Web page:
Pulmonary fungus ball caused by Penicillium capsulatum in a patient with type 2 diabetes: a case report
- Equal contributors
1 Shanghai Key Laboratory of Molecular Medical Mycology, Department of Dermatology, Shanghai Changzheng Hospital, Shanghai, China
2 Department of Applied and Industrial Mycology, CBS-KNAW Fungal Biodiversity Centre, Utrecht, the Netherlands
3 Department of Thoracic Surgery, Shanghai Changzheng Hospital, Shanghai, China
4 The College of Life Science, Fudan University, Shanghai, China
BMC Infectious Diseases 2013, 13:496 doi:10.1186/1471-2334-13-496Published: 23 October 2013
Following the recent transfer of all accepted species of Penicillium subgenus Biverticillium to Talaromyces (including Talaromyces marneffei, formerly Penicillium marneffei), Penicillium species are becoming increasingly rare causal agents of invasive infections. Herein, we present a report of a type 2 diabetes patient with a fungus ball in the respiratory tract caused by Penicillium capsulatum.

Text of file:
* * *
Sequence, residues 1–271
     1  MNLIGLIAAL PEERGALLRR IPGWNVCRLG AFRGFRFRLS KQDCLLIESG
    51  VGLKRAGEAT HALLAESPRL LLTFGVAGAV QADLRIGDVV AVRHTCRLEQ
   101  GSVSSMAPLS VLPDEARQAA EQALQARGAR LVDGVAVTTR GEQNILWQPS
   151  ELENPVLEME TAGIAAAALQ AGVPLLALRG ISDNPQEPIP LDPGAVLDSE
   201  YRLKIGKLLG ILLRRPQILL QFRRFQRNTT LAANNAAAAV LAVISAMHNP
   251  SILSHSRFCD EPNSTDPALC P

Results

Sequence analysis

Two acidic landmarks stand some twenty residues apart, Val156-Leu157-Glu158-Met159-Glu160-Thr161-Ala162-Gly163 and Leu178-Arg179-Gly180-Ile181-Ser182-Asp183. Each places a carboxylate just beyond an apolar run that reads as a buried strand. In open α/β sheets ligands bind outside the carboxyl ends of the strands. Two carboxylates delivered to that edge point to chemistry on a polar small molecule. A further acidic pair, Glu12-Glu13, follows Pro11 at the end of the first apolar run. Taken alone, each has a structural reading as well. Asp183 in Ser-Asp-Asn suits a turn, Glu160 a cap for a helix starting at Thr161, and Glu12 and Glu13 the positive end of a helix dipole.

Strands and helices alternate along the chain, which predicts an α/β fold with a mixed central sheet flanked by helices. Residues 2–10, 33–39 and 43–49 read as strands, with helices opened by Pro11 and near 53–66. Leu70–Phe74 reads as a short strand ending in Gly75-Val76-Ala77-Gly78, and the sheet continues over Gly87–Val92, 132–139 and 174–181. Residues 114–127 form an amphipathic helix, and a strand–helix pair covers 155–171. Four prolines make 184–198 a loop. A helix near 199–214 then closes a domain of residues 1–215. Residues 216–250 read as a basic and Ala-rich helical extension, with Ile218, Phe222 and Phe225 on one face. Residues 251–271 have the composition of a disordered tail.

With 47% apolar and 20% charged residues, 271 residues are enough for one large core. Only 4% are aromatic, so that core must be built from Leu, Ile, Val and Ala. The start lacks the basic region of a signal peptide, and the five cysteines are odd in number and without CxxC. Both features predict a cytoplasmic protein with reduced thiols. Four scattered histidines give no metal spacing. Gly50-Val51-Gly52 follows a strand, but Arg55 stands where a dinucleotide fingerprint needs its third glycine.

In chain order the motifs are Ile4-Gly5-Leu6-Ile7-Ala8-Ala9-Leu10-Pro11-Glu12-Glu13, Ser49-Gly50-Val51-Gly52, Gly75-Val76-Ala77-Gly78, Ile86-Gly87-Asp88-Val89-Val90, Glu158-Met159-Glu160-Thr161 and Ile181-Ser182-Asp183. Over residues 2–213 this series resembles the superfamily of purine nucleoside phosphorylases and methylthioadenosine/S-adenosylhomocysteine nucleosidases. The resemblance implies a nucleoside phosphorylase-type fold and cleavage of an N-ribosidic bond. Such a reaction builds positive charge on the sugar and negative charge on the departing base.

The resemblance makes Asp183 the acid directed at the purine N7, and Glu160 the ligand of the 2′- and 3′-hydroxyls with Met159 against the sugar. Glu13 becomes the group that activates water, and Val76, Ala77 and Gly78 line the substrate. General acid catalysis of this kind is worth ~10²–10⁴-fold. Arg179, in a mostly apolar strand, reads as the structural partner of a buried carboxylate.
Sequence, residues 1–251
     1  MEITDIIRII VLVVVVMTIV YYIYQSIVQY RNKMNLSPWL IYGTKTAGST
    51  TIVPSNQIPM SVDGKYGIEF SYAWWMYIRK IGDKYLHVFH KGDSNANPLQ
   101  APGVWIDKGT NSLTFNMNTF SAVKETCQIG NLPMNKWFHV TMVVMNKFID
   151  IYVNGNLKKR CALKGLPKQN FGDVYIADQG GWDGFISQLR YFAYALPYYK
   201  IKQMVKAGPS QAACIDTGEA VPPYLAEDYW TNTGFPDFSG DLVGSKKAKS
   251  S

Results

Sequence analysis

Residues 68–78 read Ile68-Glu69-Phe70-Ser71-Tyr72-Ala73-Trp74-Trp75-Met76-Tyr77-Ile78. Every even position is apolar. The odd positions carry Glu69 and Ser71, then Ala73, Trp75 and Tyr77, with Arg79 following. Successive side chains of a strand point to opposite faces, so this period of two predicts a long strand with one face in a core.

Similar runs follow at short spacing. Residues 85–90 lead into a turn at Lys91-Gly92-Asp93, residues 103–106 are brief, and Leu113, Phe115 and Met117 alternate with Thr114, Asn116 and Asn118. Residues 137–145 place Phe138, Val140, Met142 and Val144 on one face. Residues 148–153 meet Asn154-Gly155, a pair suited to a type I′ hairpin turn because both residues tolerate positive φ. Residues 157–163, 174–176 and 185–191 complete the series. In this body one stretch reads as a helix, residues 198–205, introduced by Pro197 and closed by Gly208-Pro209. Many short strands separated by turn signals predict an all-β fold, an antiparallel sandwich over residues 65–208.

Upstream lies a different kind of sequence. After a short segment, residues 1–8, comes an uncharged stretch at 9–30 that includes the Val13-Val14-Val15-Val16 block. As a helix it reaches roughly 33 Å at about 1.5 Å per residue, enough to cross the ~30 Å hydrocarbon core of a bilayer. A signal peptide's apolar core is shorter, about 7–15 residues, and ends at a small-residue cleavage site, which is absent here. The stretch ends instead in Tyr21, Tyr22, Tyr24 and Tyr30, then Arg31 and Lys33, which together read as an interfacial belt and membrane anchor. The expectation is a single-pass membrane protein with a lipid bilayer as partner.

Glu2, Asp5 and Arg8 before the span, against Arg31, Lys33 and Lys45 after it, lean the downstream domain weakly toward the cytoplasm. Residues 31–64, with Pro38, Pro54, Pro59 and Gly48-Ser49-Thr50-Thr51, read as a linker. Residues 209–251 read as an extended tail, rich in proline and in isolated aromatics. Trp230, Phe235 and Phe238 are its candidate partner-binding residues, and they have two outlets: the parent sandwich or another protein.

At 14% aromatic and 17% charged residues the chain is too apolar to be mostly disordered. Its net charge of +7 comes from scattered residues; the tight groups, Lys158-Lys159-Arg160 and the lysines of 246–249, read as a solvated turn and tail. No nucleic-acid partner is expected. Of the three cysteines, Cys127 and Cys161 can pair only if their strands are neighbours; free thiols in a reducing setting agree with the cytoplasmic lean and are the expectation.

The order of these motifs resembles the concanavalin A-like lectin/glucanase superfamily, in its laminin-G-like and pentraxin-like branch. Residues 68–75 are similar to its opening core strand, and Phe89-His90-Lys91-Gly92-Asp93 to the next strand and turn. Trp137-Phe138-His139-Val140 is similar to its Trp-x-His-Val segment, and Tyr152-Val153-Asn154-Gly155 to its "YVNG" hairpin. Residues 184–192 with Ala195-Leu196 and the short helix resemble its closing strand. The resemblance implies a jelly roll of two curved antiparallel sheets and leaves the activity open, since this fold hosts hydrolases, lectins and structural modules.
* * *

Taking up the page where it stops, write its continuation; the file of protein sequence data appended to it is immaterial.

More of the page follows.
A 56-year-old Chinese female gardener with a 5-year history of type 2 diabetes presented at the Shanghai Changzheng Hospital with fever, a cough producing yellow-white sputum, and fatigue. The therapeutic effect of cefoxitin was poor. An HIV test was negative, but the β-D-glucan test was positive (459.3 pg/ml). Chest radiography revealed a cavitary lesion in the left upper lobe, and a CT scan showed globate cavities with a radiopaque, gravity-dependent ball. The histopathologic features of the tissue after haematoxylin-eosin staining showed septate hyphae. The fungus was isolated from the gravity-dependent ball and identified as Penicillium capsulatum based on the morphological analysis of microscopic and macroscopic features and on ribosomal internal transcribed spacer sequencing. After surgery, the patient was cured with a sequential treatment of fluconazole 400 mg per day for 90 days and caspofungin 70 mg per day for 14 days.
Although the prognosis is often satisfactory, clinicians, mycologists and epidemiologists should be aware of the possibility of infection by this uncommon fungal pathogen in diabetes patients, since it may cause severe invasive infections in immunocompromised hosts such as diabetes and AIDS patients.